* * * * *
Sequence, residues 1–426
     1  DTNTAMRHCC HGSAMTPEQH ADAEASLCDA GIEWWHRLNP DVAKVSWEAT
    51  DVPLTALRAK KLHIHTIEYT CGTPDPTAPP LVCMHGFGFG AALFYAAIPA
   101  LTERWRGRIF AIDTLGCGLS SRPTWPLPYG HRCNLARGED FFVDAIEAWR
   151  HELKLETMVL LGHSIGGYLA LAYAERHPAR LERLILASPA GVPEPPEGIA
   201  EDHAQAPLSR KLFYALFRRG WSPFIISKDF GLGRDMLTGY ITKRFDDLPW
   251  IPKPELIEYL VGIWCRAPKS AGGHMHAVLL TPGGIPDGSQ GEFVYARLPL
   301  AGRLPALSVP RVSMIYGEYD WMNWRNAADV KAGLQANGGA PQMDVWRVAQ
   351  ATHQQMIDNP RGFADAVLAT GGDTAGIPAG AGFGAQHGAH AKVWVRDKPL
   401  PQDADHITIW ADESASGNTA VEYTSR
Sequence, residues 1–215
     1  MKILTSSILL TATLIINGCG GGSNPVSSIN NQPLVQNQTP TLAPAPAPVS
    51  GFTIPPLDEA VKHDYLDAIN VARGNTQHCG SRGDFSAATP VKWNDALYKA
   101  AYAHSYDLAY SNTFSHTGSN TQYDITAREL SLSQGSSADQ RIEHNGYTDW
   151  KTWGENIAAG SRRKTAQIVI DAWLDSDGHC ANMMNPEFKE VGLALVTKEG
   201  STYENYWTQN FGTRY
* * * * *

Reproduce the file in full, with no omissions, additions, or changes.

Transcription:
Sequence, residues 1–426
     1  DTNTAMRHCC HGSAMTPEQH ADAEASLCDA GIEWWHRLNP DVAKVSWEAT
    51  DVPLTALRAK KLHIHTIEYT CGTPDPTAPP LVCMHGFGFG AALFYAAIPA
   101  LTERWRGRIF AIDTLGCGLS SRPTWPLPYG HRCNLARGED FFVDAIEAWR
   151  HELKLETMVL LGHSIGGYLA LAYAERHPAR LERLILASPA GVPEPPEGIA
   201  EDHAQAPLSR KLFYALFRRG WSPFIISKDF GLGRDMLTGY ITKRFDDLPW
   251  IPKPELIEYL VGIWCRAPKS AGGHMHAVLL TPGGIPDGSQ GEFVYARLPL
   301  AGRLPALSVP RVSMIYGEYD WMNWRNAADV KAGLQANGGA PQMDVWRVAQ
   351  ATHQQMIDNP RGFADAVLAT GGDTAGIPAG AGFGAQHGAH AKVWVRDKPL
   401  PQDADHITIW ADESASGNTA VEYTSR
Sequence, residues 1–215
     1  MKILTSSILL TATLIINGCG GGSNPVSSIN NQPLVQNQTP TLAPAPAPVS
    51  GFTIPPLDEA VKHDYLDAIN VARGNTQHCG SRGDFSAATP VKWNDALYKA
   101  AYAHSYDLAY SNTFSHTGSN TQYDITAREL SLSQGSSADQ RIEHNGYTDW
   151  KTWGENIAAG SRRKTAQIVI DAWLDSDGHC ANMMNPEFKE VGLALVTKEG
   201  STYENYWTQN FGTRY